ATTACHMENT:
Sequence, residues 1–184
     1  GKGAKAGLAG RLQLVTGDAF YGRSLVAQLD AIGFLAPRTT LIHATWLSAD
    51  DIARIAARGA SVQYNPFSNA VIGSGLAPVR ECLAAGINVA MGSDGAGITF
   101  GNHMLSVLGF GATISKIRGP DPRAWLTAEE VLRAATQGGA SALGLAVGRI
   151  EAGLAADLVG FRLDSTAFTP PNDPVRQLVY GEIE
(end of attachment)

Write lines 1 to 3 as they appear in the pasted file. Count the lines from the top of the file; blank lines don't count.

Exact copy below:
Sequence, residues 1–184
     1  GKGAKAGLAG RLQLVTGDAF YGRSLVAQLD AIGFLAPRTT LIHATWLSAD
    51  DIARIAARGA SVQYNPFSNA VIGSGLAPVR ECLAAGINVA MGSDGAGITF